The *Studies in Advanced Mathematics* series from Cambridge University Press includes a very wide range of books. Some will serve as first-year graduate textbooks, others are quite advanced. *Spectral Theory and its Applications* weighs in at the “quite advanced” level.

A more accurate title for the book would have been “Spectral Theory of Unbounded Operators,” because the author assumes his readers already know the standard theory for bounded operators, which is reviewed briefly in chapter 6. Also assumed is knowledge of Fourier Analysis, \(L^2\) spaces, Sobolev spaces, Distribution Theory, and so on. The applications come from mathematical physics, with Quantum Mechanics taking pride of place. Here as well the author assumes the reader arrives with background knowledge. For example, in the first chapter the author talks about “the operator of the harmonic oscillator” \( H = - \dfrac{d^2}{dx^2} + x^2\), with the reader being assumed to know how this operator relates to the physical harmonic oscillator.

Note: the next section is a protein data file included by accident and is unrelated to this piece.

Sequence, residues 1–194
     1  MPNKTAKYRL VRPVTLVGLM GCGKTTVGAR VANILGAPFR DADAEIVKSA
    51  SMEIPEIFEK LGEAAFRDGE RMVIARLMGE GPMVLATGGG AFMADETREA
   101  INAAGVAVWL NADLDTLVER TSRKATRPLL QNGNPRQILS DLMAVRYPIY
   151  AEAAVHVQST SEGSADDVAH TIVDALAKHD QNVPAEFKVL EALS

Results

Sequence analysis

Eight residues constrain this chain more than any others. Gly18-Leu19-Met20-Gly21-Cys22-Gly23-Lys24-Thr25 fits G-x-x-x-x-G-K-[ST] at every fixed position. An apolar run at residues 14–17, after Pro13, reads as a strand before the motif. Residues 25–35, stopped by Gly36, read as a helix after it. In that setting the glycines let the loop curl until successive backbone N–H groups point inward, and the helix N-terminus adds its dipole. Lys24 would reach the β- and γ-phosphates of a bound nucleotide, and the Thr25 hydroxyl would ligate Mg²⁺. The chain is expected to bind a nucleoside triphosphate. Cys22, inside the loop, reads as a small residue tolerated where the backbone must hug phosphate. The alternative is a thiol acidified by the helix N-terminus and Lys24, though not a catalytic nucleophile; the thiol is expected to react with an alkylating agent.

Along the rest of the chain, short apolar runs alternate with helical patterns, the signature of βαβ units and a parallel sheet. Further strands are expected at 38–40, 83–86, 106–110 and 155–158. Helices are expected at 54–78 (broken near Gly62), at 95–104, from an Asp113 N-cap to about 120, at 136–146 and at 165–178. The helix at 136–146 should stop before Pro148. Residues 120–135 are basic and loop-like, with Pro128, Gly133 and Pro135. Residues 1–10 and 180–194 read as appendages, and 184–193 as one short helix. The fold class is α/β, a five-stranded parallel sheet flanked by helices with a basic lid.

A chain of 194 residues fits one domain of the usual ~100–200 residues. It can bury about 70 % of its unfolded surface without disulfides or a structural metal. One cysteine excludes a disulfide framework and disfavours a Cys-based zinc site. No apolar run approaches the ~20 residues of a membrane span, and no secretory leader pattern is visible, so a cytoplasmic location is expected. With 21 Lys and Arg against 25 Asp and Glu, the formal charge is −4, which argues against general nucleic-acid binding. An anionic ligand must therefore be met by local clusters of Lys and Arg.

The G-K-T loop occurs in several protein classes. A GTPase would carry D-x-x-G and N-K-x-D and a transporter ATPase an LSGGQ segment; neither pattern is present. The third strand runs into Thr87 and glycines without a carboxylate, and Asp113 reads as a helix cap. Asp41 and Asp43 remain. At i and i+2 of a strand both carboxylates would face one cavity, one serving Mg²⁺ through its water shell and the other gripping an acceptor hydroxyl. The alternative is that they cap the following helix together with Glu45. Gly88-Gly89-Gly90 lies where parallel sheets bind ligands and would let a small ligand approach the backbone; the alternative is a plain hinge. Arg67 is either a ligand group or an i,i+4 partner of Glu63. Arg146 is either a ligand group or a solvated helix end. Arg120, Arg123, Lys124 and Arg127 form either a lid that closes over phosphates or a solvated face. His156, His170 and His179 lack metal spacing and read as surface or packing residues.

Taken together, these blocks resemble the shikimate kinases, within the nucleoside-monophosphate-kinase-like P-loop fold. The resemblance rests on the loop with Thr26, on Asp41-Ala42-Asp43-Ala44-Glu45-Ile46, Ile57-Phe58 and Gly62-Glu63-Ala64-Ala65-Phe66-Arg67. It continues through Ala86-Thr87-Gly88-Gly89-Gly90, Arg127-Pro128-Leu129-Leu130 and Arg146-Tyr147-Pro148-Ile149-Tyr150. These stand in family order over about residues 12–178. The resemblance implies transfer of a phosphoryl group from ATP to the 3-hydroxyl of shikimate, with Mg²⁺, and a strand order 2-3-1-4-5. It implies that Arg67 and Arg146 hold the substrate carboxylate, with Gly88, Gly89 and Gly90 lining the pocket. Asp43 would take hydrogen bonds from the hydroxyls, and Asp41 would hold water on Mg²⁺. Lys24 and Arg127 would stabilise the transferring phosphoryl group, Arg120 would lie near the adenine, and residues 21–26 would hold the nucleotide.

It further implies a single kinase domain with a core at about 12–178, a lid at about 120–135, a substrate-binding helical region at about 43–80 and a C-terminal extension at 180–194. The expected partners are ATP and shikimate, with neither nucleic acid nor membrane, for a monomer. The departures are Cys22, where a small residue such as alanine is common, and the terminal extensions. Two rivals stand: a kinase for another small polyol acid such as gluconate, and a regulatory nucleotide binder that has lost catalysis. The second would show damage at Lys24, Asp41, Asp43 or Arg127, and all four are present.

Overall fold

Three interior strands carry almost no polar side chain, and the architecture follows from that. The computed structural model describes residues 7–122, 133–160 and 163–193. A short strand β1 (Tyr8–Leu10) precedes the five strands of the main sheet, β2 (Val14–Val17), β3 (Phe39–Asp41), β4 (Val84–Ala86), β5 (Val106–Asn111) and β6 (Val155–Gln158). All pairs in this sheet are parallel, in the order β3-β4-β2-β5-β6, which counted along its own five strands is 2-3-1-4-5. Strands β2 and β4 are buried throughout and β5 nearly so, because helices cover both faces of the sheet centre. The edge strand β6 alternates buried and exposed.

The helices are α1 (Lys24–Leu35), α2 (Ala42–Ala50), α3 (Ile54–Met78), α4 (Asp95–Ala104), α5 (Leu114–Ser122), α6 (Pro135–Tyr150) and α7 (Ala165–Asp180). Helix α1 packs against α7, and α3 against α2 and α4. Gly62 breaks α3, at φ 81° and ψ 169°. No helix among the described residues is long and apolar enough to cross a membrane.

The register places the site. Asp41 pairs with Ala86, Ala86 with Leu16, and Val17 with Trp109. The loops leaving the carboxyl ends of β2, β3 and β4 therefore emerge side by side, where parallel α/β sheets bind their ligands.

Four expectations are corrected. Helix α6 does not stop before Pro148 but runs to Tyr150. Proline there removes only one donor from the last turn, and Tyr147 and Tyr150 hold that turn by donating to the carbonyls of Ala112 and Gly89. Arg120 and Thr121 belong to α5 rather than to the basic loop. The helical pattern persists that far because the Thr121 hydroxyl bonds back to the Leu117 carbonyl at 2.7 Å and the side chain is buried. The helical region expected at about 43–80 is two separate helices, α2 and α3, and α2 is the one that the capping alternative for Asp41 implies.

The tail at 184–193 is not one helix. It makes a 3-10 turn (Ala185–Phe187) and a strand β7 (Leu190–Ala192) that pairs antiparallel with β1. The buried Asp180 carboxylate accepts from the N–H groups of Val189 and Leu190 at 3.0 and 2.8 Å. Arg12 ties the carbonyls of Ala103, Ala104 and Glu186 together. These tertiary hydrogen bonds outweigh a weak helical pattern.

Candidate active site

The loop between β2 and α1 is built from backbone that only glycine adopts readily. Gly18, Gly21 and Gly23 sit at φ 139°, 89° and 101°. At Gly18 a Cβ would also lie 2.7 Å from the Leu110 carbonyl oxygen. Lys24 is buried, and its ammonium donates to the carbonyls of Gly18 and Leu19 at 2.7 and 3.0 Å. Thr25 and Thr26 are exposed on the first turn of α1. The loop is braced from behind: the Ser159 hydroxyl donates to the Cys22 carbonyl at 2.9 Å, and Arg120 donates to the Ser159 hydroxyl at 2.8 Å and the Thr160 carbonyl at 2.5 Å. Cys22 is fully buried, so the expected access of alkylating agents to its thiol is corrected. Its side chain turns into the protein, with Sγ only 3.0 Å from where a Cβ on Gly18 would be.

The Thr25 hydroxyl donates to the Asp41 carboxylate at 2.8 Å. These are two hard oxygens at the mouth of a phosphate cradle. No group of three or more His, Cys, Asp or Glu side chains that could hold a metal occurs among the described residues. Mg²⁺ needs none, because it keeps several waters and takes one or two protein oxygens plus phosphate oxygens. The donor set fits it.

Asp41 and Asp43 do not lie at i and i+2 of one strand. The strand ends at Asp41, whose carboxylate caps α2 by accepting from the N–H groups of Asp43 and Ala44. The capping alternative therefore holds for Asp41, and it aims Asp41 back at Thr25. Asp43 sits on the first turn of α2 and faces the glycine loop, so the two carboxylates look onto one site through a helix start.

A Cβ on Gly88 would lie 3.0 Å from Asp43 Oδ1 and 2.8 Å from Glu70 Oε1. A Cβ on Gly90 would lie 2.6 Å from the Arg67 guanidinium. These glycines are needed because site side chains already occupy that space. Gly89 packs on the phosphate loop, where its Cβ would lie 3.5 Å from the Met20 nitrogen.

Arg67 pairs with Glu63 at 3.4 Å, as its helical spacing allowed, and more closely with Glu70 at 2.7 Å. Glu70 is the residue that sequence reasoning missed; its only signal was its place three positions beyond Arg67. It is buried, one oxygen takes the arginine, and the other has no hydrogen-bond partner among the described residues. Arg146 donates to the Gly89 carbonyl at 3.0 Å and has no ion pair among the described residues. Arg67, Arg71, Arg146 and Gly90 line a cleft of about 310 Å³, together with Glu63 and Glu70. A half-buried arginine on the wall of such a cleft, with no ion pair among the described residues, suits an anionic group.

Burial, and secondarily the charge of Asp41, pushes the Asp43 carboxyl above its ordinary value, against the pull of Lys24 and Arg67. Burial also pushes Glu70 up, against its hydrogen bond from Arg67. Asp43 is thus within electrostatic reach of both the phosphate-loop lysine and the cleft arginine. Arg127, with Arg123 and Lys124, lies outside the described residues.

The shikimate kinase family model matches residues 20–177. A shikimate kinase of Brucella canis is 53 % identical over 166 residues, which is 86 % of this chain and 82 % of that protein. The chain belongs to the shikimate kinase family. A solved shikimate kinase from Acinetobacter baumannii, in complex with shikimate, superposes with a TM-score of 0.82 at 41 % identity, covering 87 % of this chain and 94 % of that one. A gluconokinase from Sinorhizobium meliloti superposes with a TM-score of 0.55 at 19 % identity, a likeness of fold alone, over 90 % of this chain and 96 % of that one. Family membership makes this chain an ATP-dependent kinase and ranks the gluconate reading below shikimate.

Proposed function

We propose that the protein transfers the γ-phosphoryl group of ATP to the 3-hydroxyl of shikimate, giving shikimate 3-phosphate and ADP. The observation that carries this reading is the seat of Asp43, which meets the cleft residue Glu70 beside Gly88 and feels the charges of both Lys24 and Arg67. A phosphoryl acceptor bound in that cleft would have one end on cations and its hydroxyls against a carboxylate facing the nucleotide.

Another aspect of the book’s advanced nature is that the author is occasionally casual about things that a beginner might have trouble with. Notes at the ends of chapters sometimes say things like “the material in this chapter is very basic,” which might be dispiriting. Equalities are sometimes followed by “in the sense of distributions.” Containment relations between various spaces are assumed known and used without comment.

For the reader with the right background, the book’s main virtue is that it builds the theory of unbounded operators and their spectra with physics constantly in view. Each theoretical section is followed by examples from physics, often involving extensive calculation. Graduate students and professionals interested in how spectral theory can be used in mathematical physics will learn a lot.

Fernando Q. Gouvêa is Carter Professor of Mathematics at Colby College in Waterville, ME.